Originally posted by JoeFin
                          Did they ship all the machinery to China
                          Nah, the last South Bends were apparently made in Australia by Hercus..

                          These ones are being made by an undisclosed Taiwanese manufacturer which will mean they could be very good quality, but they will still be expensive compared to the likes of the cheap chinese stuff...
                          Precision takes time.

                          Comment


                          • #14
                            If you are interested in what Grizzly's plans are for SB, just visit the thread mentioned in the first post above. Shiraz Balolia, the owner of Grizzly, is taking a very active part in the thread and he is asking SB users for ideas. He goes by the name PapaGrizzly on the board.
                            Paul A.
                            SE Texas

                            Make it fit.
                            You can't win and there IS a penalty for trying!

                            Comment


                            • #15
                              Leadership

                              I've read the thread on PM and am not the least impressed with the negative comment.

                              First and foremost, Shiraz Balolia aka PapaGrizzly is a pretty shrewd and successful business man and not necessarily or primarily a philanthropist. So I expect that he has really run the rule over this enterprise and expects to make a good return on his investment in SB. It would be very good business to encourage and promote SB, all of which will be tax-deductible, and no doubt actively encouraged either actively or passively by the US Government which is really looking for investors, investment, jobs and increases in manufacturing an business confidence.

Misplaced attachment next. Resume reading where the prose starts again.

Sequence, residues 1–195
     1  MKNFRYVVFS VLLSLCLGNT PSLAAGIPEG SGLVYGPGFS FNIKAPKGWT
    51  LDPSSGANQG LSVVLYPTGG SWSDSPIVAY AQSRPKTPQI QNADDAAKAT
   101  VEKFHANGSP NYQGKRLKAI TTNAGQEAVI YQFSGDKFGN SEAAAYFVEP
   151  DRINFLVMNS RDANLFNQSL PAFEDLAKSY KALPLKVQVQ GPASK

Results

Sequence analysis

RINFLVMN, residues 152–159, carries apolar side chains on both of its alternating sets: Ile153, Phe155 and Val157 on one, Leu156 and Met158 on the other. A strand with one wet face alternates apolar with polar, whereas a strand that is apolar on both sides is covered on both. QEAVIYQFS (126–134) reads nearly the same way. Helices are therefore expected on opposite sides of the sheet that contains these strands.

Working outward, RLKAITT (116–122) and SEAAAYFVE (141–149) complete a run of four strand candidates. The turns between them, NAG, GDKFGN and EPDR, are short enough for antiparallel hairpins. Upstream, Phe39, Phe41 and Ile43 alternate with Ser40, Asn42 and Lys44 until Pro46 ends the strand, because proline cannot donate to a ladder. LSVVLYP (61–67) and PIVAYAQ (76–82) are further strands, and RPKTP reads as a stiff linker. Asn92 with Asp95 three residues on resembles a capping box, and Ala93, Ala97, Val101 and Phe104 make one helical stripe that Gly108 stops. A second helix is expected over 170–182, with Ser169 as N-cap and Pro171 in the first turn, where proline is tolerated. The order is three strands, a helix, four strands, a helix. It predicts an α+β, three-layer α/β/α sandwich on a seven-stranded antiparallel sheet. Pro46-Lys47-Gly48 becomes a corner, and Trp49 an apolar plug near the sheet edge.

If I recall previous posts on this forum, Shiraz Balolia or his family have interests in if not out-right ownership of BusyBee in Canada.

                              But to give credit where it is due, he, unlike many here, is not whine-ing and whingeing about anything and everything and blaming anybody and everybody else for the current misfortunes and wanting someone else to "fix it" but is taking on a calculated risk and putting his money where his mouth is so that he and a lot of others stand to benefit substantially if his venture is successful.

                              Which, I hope for everybody's sake, that it is.